114 A.D.2d 321 (1985)

In the Matter of Cora Johnson, Respondent, v. Joseph Christian, as Chairman of The New York City Housing Authority, Appellant

Appellate Division of the Supreme Court of the State of New York, First Department.

October 22, 1985

Petitioner and her two sons, Lorenzo and Harold, had resided at the Polo Grounds Towers, one of appellant's housing projects, for 17 years, since August 1, 1968. In July 1980, petitioner received a notice that a hearing would be held to terminate her tenancy on grounds of nondesirability, based upon specified acts of misconduct and violence by her sons, which included, inter alia, unlawful harassment and menacing, setting a fire within the project, taking personal property from another tenant, possession of a knife on project grounds and assault. At the hearing to consider the charges, it was stipulated that petitioner would be placed on probation for a one-year period. However, on April 6, 1981, during the probationary period, petitioner's son Harold assaulted a tenant with a screwdriver, causing physical injury. Accordingly, on August 12, 1981, appellant scheduled a hearing to consider termination of petitioner's tenancy. At this hearing on September 11, 1981, petitioner admitted the charge and, on October 21, 1981, appellant issued its determination, terminating petitioner's tenancy on the ground of "Violation of probation — Non-Desirability."

Thereafter, on December 8, 1981, appellant commenced a holdover proceeding in the Civil Court. By stipulation entered into January 5, 1982, petitioner consented to a final judgment of possession in favor of appellant, with a stay of issuance of a warrant of eviction until July 5, 1982, which was subsequently extended to November 30, 1982.

Although no proceeding had been commenced to review the original determination within the four-month limitations period, contained in CPLR 217, on November 29, 1982, petitioner, through counsel, requested that the matter be reopened and that a hearing be held to reconsider her continued tenancy on the ground that her son Harold no longer resided in the apartment, since he had been remanded by the Family Court and placed in a detention facility. On December 2, 1982, appellant denied the application and, thereafter, this proceeding was instituted on March 4, 1983 to review the denial of petitioner's request to reopen and vacate the original determination.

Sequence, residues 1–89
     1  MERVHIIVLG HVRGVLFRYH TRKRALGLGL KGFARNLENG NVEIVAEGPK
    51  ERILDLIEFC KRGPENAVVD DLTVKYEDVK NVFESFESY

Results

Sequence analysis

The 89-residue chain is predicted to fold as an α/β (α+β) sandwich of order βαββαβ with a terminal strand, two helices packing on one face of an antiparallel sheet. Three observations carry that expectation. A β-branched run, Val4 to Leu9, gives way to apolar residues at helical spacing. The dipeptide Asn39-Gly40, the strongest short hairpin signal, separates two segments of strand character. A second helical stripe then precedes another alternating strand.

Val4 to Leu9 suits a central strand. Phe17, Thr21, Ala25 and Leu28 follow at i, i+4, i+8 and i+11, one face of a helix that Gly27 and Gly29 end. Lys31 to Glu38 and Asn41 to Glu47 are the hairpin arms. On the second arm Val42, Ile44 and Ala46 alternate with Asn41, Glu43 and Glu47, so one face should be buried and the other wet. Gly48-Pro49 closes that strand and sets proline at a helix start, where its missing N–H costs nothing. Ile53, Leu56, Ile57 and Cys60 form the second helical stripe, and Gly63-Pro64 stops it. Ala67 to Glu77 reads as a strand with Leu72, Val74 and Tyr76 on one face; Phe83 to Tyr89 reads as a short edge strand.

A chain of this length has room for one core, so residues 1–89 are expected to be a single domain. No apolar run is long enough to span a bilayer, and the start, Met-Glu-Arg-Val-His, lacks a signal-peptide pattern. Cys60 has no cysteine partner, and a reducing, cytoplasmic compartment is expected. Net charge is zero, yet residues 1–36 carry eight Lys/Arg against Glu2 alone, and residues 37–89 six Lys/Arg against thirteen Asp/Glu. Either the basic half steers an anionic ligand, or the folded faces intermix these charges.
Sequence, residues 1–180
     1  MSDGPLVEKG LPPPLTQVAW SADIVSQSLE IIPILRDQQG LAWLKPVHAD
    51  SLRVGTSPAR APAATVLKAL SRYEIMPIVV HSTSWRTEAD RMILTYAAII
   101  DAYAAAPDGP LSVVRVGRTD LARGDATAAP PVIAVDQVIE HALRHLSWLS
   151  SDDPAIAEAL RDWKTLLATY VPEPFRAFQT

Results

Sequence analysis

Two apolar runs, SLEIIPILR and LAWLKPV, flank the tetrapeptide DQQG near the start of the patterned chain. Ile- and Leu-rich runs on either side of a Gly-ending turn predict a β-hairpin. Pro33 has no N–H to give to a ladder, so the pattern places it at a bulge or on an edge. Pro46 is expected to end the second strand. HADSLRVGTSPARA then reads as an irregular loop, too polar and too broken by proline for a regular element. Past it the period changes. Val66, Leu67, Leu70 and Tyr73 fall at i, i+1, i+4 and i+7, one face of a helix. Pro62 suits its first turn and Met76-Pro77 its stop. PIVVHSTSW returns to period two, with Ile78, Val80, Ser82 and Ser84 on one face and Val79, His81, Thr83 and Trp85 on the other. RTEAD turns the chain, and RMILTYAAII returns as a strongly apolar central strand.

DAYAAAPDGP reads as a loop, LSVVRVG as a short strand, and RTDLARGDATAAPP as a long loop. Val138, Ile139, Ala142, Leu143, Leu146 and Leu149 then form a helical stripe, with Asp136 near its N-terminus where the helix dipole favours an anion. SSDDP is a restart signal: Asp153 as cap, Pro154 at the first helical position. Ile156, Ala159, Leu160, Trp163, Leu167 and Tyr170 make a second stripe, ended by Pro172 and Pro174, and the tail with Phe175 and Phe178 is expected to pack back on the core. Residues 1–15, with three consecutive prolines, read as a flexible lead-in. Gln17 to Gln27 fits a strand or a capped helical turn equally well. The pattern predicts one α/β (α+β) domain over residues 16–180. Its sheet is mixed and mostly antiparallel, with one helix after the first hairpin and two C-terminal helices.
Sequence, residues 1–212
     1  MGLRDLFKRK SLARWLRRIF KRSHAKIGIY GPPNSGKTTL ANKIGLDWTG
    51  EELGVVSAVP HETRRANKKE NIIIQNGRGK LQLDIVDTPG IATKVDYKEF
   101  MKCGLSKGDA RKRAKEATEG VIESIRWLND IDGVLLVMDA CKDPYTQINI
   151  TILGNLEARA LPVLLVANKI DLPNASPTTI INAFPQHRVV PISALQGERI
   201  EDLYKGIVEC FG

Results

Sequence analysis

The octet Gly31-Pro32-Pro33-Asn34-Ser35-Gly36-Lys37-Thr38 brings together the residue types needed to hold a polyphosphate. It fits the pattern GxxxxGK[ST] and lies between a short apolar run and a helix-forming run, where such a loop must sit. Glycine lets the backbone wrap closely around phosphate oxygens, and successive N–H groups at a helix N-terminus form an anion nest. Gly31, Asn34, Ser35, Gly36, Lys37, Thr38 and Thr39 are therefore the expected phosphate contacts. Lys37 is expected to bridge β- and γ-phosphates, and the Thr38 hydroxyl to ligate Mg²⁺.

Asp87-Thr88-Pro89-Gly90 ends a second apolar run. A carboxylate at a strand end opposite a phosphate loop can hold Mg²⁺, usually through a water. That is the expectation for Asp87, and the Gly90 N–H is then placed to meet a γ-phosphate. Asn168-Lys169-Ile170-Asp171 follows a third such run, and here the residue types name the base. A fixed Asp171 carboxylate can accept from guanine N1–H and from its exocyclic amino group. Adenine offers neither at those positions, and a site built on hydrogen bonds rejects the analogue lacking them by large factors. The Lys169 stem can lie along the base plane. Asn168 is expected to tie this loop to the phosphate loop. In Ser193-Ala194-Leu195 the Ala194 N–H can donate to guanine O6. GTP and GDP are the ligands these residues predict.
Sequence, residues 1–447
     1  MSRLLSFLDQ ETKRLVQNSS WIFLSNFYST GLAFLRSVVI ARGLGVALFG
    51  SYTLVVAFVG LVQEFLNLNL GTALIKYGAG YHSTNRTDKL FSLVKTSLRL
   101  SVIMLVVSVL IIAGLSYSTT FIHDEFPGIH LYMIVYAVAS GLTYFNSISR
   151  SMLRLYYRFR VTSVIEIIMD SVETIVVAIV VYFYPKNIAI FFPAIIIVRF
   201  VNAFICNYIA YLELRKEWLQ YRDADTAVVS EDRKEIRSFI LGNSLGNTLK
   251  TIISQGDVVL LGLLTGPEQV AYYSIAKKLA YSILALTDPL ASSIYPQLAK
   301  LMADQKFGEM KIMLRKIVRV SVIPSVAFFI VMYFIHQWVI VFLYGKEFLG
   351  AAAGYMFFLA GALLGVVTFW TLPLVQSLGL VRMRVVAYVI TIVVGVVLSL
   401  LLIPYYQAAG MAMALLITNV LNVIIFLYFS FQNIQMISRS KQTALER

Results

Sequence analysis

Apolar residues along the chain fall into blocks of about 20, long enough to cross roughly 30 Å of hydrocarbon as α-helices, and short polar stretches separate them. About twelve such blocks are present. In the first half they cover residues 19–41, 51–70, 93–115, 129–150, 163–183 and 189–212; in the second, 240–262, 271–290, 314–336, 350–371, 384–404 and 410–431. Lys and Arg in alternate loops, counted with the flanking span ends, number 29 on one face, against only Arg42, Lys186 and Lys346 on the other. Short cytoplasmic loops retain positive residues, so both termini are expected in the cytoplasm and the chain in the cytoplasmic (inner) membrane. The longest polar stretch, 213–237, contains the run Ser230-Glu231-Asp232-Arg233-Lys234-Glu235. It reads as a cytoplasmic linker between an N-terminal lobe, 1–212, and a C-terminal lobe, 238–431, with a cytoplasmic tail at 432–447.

On review of the record, we are in agreement that Special Term erred in granting the application and remanding the matter for further consideration. In so doing, it held that the Statute of Limitations ran from denial of the request for reconsideration and, therefore, the petition was timely. To the contrary, an application to reconsider an administrative determination does not extend the original four-month limitations period within which a proceeding for judicial review must be commenced. (Matter of De Milio v Borghard, 55 N.Y.2d 216, 220; Matter of Davis v Kingsbury, 30 A.D.2d 944, affd 27 N.Y.2d 567; Matter of Fiore v Board of Educ., 48 A.D.2d 850, affd 39 N.Y.2d 1016; Matter of Williamson v Fermoile, 31 A.D.2d 438, affd 26 N.Y.2d 731.) These and other cases hold that a request or application for reconsideration does not serve to extend the time to commence an article 78 proceeding. Although we recognized in Matter of Davis v Kingsbury (supra), that a different result would obtain where a hearing on application for reconsideration is mandated, it has not been shown that appellant's rules or regulations required that such a rehearing be held. In the absence of such a provision requiring a rehearing, the original order constituted a final determination. The application to renew did not extend the period within which an article 78 proceeding could be brought. (See, Matter of Hall v Leonard, 260 App Div 591, 595, affd 285 N.Y. 719.)

It clearly appears on this record that the original determination became final and binding on October 21, 1981 and that judicial review was not sought within the applicable four-month limitations period. (CPLR 217.) Further, the record shows that petitioner did not contemplate seeking such review since, 2½ months after the determination, she entered into a stipulation in the summary holdover proceeding, consenting to the entry of a final judgment of possession in favor of appellant. Having failed to timely institute an article 78 proceeding, her right to do so was not revived by her application for reconsideration, made more than one year after the original determination and more than 10 months after she had consented to the disposition in the summary proceeding.


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